How Anemia Is Diagnosed

Anemia is characterized by a low number of red blood cells (RBCs) and/or defective RBCs that don’t function as they should. Certain physical signs—like pale skin—may provide clues that you have anemia.

If you have signs of anemia, a blood test can confirm a low RBC concentration and can detect atypical RBCs. Sometimes, the appearance of your RBCs under a microscope can help in pointing to the cause of your anemia. 

Once you are diagnosed with anemia, you may need further testing to identify the reason for your anemia. Specialized diagnostic studies can distinguish medical issues like low RBC production in your bone marrow or intestinal bleeding. 

Woman gets her blood drawn for a medical test
Blood tests are a vital part of anemia diagnosis.

vitapix / Getty Images

Self-Checks/At-Home Testing

You might notice signs of anemia through some self-checks that you can do on your own.

Common symptoms and signs of anemia include:

  • Fatigue (feeling tired or as though you don't have enough energy to do everyday things)
  • Difficulty concentrating
  • Dizziness
  • Cold hands and/or feet
  • Shortness of breath on exertion
  • Heart palpitations
  • Headaches
  • Pica (cravings for non-food items, such as grass, ice, dirt, etc.)
  • Restless legs syndrome
  • Pale or yellowish skin and mucus membranes
  • Brittle or spooned nails
  • Cracking at the corners of the mouth
  • Swollen or sore tongue
  • A weak pulse
  • Tachycardia (rapid pulse) (heart rate above 100 beats per minute)

You may also see blood in your urine or stool. Blood in urine can appear red or pale pink, while bloody stool can appear bright red or black and tarry. If you have recurrent gastrointestinal (GI) bleeding, your healthcare provider might recommend an at-home testing kit for you to use to identify blood in the stool. 

Anemia can be dangerous for your health. The signs of anemia can also signal other serious health issues. If you detect any signs of anemia, be sure to see your healthcare provider for a full evaluation.

Physical Examination

Whether you have symptoms or not, your healthcare provider will check for anemia on your routine physical examination. Common physical exam abnormalities that can point to possible anemia include: 

  • Weak or forceful pulse
  • Pale mucous membranes
  • Pale nail beds
  • Flat, ridged, and brittle nails (koilonychia)
  • Heart murmurs
  • Jaundice

Many of these physical exam signs may be consistent with the self-test signs you noticed at home on your own. Be sure to let your healthcare provider know when these changes began and whether they are worsening or if they come and go from time to time. 

Labs and Tests

To tell whether or not you have anemia, your healthcare provider may run one or several tests. Most tests to diagnose anemia involve getting a blood sample.

Blood tests can also help to narrow down the type of anemia you may have. Other lab tests can be used to identify the cause of your anemia.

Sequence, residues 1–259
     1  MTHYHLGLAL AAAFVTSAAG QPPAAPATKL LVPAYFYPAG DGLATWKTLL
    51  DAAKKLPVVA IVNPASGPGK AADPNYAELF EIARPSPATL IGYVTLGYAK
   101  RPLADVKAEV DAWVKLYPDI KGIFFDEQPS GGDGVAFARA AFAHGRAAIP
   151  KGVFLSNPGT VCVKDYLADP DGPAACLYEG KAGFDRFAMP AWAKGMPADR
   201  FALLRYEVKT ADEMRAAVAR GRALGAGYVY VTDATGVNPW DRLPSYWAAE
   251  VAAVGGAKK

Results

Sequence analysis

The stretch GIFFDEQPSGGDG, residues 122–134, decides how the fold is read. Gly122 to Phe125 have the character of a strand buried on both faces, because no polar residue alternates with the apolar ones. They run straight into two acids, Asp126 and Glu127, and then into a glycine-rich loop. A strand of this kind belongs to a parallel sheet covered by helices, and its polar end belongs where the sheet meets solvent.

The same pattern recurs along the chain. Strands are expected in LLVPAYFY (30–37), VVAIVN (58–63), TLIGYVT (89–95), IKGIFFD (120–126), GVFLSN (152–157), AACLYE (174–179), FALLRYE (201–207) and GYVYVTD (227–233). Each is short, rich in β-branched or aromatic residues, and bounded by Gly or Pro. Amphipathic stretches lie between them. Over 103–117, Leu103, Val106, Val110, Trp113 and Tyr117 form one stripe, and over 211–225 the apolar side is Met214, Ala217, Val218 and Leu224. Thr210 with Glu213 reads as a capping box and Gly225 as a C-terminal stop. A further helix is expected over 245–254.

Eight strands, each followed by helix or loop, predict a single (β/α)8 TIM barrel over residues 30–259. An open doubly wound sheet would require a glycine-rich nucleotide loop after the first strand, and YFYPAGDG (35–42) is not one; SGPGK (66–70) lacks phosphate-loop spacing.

Tests to Diagnose Anemia

Common lab tests to diagnose anemia include: 

Complete blood count (CBC): This is the most important test used to detect anemia. It is a standard blood test, and you don’t need any special preparation beforehand. Blood is drawn from a vein for the test.

Your report will include your RBC count as well as a description of the size of your RBCs. A low RBC count means that you have anemia. Large RBCs (macrocytic anemia) may indicate vitamin B12 or folic acid deficiency or pernicious anemia. Small RBCs (microcytic anemia) may indicate iron deficiency or bleeding.

Blood smear: A blood smear is a blood sample that is carefully examined under a microscope. This evaluation can provide a description of your RBCs and may identify diseases such as sickle cell anemia. Sometimes a blood smear can identify issues such as hemolytic anemia due to malaria infection or toxins.

A blood smear may also recognize some types of blood cancers such as leukemia and lymphoma, which cause anemia.

Iron tests: Your healthcare provider may also order tests to assess iron levels in your body. Iron is an essential mineral for making red blood cells and is also important for healthy muscles, bone marrow, and organ function. Too little iron in the body can cause iron-deficiency anemia and other serious health conditions.

Iron tests include:

  • Serum iron test: measures iron in the blood
  • Transferrin test: measures transferrin, a protein that moves iron around the body
  • Total iron-binding capacity (TIBC) test: measures how well iron attaches to transferrin or other proteins
  • Ferritin blood test: measures iron stored in the body

Similar to a CBC test, iron tests require a blood sample. Your healthcare provider may ask you to not eat or drink anything except water for 12 hours beforehand. (Tests that require fasting usually happen in the morning.)